A specialist salvage company is surveying the area where the P6T2 yacht sunk after striking a metal navigation buoy in St Aubin’s Bay in the hope of lifting it out of the water
A specialist salvage company is monitoring the area where the stricken P6T2 Pershing motor yacht has been moved to after sinking in St Aubin’s Bay following a collision with a navigation buoy.
The company is carrying out a survey in St Brelade’s Bay for four days before they will be able to assess whether they can lift the £1.8M stricken boat out of the water.
An investigation into the accident is currently taking place.
The Ports of Jersey have released an infrared image of the stricken P6T2 yacht and are monitoring the area where it sank daily, whilst they assess any potential danger.
Alan Donald, Group Marketing, Media & Communications Manager, Ports of Jersey, told YBW.com:
“Ports of Jersey continues to survey the wreck on a daily basis, liaising with colleagues at Jersey’s Environment Department, and working closely with OSRL (Oil Spill Response Limited). At present we have no reports of any diesel, which we understand appears to be approx. 2000 litres on board at the time of the collision, leaking into the sea.
A salvage company has been appointed by the insurance company and has mobilised assets, waiting for an improvement in the current weather conditions to undertake the recovery of the boat. This is a complex and potentially hazardous operation, requiring a period of settled sea conditions, requiring assets from outside the Island as Jersey does not have the capability.”
The P6T2 Pershing yacht that sank in St Aubin’s Bay after colliding with a buoy has been deemed unsafe for fishermen, divers and cargo ships, who have all been advised to stay away from the area.
Commercial vessels have been asked to take a different shipping route away from stricken yacht.
The Harbourmaster said last week that the 45-tonne yacht may be left on the seabed, however a survey has found that the yacht is moving with the tide.
The Jersey Evening Post has reported that Jersey Senator Lyndon Farnham has signed a ministerial decision to authorise the exclusion zone where the yacht sank at the instruction of the Harbourmaster.
YBW has contacted the Jersey Coast Guard for further information.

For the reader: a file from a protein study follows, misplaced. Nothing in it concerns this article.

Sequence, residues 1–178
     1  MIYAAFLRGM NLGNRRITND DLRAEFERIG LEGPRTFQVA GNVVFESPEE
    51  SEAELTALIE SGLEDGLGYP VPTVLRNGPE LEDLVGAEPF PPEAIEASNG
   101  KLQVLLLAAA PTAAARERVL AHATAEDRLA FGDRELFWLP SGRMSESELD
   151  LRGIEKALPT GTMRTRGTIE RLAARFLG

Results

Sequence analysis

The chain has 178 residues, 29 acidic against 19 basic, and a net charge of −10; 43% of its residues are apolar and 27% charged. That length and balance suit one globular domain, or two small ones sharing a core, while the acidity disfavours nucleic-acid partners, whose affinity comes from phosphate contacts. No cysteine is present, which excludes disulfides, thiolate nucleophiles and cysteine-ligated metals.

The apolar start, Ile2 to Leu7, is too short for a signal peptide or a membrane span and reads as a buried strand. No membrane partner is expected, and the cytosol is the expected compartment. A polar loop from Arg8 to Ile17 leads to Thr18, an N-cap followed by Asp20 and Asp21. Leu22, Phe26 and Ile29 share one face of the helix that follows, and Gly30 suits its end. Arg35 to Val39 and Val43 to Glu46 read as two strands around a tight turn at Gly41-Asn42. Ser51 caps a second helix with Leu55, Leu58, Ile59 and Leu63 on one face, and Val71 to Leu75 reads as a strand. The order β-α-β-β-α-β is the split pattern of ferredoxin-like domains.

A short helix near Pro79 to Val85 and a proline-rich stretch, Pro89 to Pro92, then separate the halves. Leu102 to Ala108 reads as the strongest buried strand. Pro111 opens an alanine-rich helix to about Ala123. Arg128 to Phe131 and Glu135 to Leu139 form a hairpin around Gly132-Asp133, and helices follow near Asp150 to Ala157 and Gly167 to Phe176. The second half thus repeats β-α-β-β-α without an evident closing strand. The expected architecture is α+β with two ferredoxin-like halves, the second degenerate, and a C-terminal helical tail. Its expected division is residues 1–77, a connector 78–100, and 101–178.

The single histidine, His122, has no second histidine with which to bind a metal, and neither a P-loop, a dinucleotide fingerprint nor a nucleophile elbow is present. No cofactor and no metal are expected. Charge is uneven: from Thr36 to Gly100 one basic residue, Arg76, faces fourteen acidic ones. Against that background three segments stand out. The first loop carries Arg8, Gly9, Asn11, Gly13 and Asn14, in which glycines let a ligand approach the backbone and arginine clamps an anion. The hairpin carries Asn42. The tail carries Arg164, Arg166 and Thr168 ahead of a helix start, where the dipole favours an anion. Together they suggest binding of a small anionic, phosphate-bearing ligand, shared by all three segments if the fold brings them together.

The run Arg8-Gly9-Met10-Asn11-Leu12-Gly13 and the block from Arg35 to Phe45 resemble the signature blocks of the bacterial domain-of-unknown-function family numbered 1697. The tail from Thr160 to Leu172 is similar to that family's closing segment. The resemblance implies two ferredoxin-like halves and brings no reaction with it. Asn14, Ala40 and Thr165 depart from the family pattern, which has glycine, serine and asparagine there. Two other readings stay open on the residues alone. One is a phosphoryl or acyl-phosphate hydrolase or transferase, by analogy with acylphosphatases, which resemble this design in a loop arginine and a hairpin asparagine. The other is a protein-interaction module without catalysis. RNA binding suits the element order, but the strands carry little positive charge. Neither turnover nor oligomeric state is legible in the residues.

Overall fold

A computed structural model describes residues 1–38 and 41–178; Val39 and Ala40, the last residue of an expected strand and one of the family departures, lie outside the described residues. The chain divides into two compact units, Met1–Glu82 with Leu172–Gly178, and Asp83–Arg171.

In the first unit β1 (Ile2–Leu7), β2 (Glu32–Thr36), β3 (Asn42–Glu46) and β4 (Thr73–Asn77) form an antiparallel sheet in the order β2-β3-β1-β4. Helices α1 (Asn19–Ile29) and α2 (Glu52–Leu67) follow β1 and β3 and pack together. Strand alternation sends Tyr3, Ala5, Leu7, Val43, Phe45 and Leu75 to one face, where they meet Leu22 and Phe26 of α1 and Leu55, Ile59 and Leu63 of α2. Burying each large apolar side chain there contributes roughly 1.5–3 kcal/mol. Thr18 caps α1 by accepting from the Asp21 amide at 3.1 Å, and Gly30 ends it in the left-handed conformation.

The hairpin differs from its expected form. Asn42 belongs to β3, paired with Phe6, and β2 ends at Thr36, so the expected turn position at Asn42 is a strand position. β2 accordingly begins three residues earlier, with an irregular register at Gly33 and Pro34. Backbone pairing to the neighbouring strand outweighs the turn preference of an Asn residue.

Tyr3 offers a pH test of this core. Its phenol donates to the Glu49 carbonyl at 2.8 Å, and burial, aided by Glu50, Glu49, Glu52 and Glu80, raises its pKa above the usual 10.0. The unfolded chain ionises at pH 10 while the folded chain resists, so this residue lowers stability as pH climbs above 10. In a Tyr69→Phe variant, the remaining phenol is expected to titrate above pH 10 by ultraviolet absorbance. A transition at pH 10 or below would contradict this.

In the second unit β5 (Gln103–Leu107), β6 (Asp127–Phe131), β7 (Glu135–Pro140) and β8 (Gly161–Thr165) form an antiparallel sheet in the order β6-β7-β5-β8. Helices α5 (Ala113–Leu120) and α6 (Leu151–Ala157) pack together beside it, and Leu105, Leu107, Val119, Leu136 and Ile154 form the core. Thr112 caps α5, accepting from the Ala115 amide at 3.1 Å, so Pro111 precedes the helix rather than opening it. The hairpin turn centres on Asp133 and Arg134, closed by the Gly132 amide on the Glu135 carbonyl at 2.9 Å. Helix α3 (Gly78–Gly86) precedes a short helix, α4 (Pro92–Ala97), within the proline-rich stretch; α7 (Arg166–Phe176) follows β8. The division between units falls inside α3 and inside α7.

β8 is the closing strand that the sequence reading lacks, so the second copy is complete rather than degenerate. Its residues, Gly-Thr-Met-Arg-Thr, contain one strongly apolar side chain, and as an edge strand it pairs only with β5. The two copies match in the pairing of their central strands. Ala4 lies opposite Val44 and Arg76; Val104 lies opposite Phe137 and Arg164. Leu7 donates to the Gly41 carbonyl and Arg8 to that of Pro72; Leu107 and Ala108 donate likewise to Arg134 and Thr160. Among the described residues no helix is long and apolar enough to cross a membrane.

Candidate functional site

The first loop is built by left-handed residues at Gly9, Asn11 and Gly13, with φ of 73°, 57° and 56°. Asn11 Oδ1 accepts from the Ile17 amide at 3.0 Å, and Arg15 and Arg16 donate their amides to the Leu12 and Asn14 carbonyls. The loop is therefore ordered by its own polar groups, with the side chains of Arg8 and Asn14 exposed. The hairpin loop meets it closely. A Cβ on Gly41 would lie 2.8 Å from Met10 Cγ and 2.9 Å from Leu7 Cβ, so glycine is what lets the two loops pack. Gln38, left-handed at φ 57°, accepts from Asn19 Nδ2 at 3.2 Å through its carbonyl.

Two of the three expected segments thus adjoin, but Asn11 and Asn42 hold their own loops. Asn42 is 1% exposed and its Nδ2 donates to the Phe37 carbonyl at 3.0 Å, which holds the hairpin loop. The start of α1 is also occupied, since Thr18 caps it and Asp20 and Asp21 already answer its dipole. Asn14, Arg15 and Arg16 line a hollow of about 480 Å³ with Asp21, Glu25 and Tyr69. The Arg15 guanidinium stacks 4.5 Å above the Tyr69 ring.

The P6T2, a £1.8 million, six-berth Pershing motor cruiser, sank on Friday night (17 November) after colliding with the green Ruaudière Buoy at about 26 knots (30 mph) in the centre of St Aubin’s bay at about 5.45 pm. It had been heading out of the Bay towards St Peter Port in Guernsey.
The yacht sank in 26m of water, just south of the main commercial sea passage to the island. It is thought that specialist equipment would be needed to be brought to the island if there was to be any hope of recovering the 45-tonne vessel which is at least 16 metres below the surface at low tide. There is currently no evidence that fuel from the 3,200 litre tank, which was not full at the time, had leaked into the sea.
The incident came on the day the RNLI moved the only all-weather lifeboat, The George Sullivan, off Jersey and stood down the entire 25-strong crew in St Helier. This controversial move came after the crew announced they were splitting from the charity in a row over the sacking of veteran coxswain Andy Hibbs.
Although he was later reinstated, the relationship deteriorated and the crew announced they were launching their own independent lifeboat service.
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The two crew members from the stricken yacht were rescued from a life raft by an inshore lifeboat, manned by emergency responders from the island’s fire and rescue services.
The collision with the yacht destroyed the top section of the buoy and Harbourmaster Bill Sadler said the whole unit will have to be replaced.
Image courtesy of Daniel Skipp (@DanielSkipp/twitter)
While the buoy, classed as a category three buoy, should still be picked up by radar, it remains out of action and a navigation warning to mariners is in place for boats travelling in and out of St Helier. Sailors travelling to and from St. Helier are asked to remain vigilant until the buoy has been replaced.